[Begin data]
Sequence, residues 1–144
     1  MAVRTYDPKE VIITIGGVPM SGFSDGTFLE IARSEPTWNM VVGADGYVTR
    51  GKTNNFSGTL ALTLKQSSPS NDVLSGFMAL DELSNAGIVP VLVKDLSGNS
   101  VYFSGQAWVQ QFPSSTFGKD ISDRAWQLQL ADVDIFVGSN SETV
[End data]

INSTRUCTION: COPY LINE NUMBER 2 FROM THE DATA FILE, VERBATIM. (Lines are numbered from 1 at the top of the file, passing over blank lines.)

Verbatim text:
     1  MAVRTYDPKE VIITIGGVPM SGFSDGTFLE IARSEPTWNM VVGADGYVTR